Copy number and gene expression differences between African American and Caucasian American prostate cancer.

Rose AE, Satagopan JM, Oddoux C, Zhou Q, Xu R, Olshen AB, Yu JZ, Dash A, Jean-Gilles J, Reuter V, Gerald WL, Lee P, Osman I - J Transl Med (2010)

BAC-based aCGH of 20 AA and 21 CA prostate tumors revealed 27 significantly altered genomic regions between the two groups.
© Copyright Policy - open-access
Related In: Results  -  Collection

License
Show All Figures
getmorefigures.php?uid=PMC2913940&req=5

Figure 1: BAC-based aCGH of 20 AA and 21 CA prostate tumors revealed 27 significantly altered genomic regions between the two groups.
Mentions: In the initial cohort of 20AA and 21 CA, BAC-based array CGH revealed 27 noteworthy regions that displayed differences in copy number variations between AA and CA tumors (Figure 1). Of these, 10 regions (3q25-q26, 3q28-q29, 4p14-p12, 9q21, 10q11, 11q14, 12p13, 14q12, 16p11, 20p11-20q11) were more commonly altered in AA patients compared to CA. 15 regions were more commonly altered in CA patients (1p21-p13, 3p26-p25, 3q26, 5q12, 6q21, 8q13, 9q31, 14q32, 15q26, 15q13-q14, 15q24, 17p13, 18p11, 20q13, 22q11), and 2 regions (5p15-p14 and 13q34) were significantly altered in both groups but in different directions. We did not observe any significant changes between the 2 groups on chromosome 2,7,19, or 21.

Bottom Line: The goal of our study was to investigate the molecular underpinnings associated with the relatively aggressive clinical behavior of prostate cancer (PCa) in African American (AA) compared to Caucasian American (CA) patients using a genome-wide approach.Functional annotation of overlapping genes within the 4 validated regions of AA/CA DNA copy number changes revealed significant enrichment of genes related to immune response.Our data reveal molecular alterations at the level of gene expression and DNA copy number that are specific to African American and Caucasian prostate cancer and may be related to underlying differences in immune response.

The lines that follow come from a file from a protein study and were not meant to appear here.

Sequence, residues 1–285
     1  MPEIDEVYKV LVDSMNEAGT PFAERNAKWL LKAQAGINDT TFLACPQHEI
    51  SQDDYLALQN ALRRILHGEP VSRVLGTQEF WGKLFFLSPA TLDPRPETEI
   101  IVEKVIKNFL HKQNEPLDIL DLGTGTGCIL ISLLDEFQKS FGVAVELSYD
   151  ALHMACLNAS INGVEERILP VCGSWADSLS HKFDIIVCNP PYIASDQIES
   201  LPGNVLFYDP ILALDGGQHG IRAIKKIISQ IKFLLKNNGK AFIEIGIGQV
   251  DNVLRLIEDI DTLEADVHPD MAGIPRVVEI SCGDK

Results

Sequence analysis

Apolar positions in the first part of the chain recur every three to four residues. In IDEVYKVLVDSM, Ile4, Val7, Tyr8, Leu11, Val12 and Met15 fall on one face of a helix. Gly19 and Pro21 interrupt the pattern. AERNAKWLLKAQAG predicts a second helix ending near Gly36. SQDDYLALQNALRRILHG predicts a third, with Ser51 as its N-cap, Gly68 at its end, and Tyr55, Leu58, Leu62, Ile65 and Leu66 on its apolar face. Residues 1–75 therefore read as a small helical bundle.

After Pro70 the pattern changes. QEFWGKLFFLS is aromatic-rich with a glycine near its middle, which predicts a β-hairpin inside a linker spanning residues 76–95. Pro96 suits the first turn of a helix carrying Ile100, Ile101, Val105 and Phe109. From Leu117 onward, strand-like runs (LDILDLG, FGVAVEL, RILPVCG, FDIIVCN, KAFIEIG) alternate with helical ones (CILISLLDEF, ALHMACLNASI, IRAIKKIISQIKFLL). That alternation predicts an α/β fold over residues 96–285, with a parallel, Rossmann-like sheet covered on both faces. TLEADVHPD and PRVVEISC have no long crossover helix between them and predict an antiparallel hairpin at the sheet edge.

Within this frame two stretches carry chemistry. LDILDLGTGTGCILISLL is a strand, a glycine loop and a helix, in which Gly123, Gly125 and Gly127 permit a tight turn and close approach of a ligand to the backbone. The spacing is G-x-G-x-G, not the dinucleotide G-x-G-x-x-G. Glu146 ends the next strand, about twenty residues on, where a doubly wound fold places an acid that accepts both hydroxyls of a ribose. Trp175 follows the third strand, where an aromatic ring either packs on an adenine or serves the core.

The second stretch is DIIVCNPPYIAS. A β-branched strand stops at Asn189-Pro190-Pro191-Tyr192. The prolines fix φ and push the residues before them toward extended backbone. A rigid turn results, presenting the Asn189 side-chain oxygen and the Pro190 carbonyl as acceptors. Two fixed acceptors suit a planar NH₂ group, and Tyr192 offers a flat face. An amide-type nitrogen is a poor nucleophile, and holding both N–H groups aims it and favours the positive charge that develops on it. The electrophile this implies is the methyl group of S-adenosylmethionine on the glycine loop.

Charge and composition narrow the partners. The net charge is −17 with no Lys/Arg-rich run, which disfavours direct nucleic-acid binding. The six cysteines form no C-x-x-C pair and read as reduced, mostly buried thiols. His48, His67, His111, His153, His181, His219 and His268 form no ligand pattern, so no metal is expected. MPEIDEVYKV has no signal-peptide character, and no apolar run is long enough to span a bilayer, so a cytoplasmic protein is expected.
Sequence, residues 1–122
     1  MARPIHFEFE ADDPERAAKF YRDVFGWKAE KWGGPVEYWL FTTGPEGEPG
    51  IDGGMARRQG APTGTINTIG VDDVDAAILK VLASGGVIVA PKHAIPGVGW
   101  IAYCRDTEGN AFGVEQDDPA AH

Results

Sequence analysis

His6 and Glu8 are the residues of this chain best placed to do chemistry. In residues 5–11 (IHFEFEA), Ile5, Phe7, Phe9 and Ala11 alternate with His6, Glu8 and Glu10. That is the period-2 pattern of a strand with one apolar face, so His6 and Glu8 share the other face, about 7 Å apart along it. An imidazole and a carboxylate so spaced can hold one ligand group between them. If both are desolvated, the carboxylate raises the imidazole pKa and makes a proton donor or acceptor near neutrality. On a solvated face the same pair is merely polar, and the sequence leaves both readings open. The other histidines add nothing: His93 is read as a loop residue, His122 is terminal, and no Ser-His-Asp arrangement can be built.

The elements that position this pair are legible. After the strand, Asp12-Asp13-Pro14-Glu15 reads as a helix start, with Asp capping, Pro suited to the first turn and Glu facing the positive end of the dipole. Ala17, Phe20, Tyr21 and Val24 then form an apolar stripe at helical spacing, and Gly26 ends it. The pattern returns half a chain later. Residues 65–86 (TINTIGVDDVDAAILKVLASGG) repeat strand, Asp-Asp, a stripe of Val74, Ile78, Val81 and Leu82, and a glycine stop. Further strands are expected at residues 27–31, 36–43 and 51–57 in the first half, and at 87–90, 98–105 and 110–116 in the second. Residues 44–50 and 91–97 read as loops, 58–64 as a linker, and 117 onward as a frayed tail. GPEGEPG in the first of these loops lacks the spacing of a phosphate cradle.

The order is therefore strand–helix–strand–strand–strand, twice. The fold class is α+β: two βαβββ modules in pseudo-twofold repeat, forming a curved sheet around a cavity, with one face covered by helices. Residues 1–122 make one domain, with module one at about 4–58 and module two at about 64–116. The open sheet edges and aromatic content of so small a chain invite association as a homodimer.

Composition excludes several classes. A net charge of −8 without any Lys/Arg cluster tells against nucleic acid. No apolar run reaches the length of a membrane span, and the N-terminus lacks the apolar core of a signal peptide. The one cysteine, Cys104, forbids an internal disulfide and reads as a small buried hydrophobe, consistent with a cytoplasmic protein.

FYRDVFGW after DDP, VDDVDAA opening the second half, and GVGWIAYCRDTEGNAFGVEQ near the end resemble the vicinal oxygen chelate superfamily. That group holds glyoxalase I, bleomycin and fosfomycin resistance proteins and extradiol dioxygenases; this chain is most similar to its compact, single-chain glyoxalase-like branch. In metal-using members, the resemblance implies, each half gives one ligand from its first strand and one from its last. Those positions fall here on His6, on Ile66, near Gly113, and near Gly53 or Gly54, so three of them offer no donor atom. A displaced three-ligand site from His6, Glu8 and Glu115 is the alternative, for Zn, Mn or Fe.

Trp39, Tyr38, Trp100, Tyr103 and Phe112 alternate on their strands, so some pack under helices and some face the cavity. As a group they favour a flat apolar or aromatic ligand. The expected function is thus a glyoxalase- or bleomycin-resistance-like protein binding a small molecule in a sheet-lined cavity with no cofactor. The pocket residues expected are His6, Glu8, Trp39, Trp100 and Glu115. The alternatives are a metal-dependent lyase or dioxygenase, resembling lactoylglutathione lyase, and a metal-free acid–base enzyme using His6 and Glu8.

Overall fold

View Article: PubMed Central - HTML - PubMed

Affiliation: Department of Urology, New York University School of Medicine, New York, New York 10016, USA.

ABSTRACT

Background: The goal of our study was to investigate the molecular underpinnings associated with the relatively aggressive clinical behavior of prostate cancer (PCa) in African American (AA) compared to Caucasian American (CA) patients using a genome-wide approach.

Methods: AA and CA patients treated with radical prostatectomy (RP) were frequency matched for age at RP, Gleason grade, and tumor stage. Array-CGH (BAC SpectralChip2600) was used to identify genomic regions with significantly different DNA copy number between the groups. Gene expression profiling of the same set of tumors was also evaluated using Affymetrix HG-U133 Plus 2.0 arrays. Concordance between copy number alteration and gene expression was examined. A second aCGH analysis was performed in a larger validation cohort using an oligo-based platform (Agilent 244K).

Results: BAC-based array identified 27 chromosomal regions with significantly different copy number changes between the AA and CA tumors in the first cohort (Fisher's exact test, P < 0.05). Copy number alterations in these 27 regions were also significantly associated with gene expression changes. aCGH performed in a larger, independent cohort of AA and CA tumors validated 4 of the 27 (15%) most significantly altered regions from the initial analysis (3q26, 5p15-p14, 14q32, and 16p11). Functional annotation of overlapping genes within the 4 validated regions of AA/CA DNA copy number changes revealed significant enrichment of genes related to immune response.

Conclusions: Our data reveal molecular alterations at the level of gene expression and DNA copy number that are specific to African American and Caucasian prostate cancer and may be related to underlying differences in immune response.

Show MeSH
Related in: MedlinePlus